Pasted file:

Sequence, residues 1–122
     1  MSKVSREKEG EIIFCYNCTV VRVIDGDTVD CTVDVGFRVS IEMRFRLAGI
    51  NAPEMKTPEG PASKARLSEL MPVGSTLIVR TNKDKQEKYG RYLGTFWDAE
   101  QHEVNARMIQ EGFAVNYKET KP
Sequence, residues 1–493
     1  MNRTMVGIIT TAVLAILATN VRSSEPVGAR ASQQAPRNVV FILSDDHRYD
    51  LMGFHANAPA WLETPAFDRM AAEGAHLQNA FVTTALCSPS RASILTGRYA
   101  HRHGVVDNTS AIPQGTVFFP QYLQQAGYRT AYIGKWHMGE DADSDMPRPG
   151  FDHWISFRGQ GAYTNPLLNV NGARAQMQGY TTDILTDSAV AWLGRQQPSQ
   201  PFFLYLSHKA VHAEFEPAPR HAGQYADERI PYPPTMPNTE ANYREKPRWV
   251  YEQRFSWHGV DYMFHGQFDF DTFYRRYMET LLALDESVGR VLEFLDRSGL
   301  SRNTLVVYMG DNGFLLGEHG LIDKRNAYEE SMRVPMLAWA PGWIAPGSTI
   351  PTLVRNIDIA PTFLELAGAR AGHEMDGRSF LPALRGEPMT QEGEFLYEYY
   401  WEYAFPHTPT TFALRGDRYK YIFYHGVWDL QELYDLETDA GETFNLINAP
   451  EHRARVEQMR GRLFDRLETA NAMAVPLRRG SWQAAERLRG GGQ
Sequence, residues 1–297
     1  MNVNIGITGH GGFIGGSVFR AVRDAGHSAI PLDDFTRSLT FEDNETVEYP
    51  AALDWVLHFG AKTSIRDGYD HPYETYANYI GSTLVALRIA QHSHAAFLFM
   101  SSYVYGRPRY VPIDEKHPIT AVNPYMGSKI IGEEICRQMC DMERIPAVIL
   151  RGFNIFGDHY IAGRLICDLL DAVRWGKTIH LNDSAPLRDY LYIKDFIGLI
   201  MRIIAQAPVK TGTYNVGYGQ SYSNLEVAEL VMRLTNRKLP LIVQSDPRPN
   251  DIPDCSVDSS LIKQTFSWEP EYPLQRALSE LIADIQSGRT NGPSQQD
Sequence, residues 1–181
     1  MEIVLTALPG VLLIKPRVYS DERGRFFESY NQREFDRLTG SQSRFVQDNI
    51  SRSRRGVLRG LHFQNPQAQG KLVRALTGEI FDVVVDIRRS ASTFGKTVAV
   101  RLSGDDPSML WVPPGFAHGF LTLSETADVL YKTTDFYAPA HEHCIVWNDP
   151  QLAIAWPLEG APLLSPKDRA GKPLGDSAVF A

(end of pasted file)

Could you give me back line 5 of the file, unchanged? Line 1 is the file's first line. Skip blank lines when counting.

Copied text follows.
Sequence, residues 1–493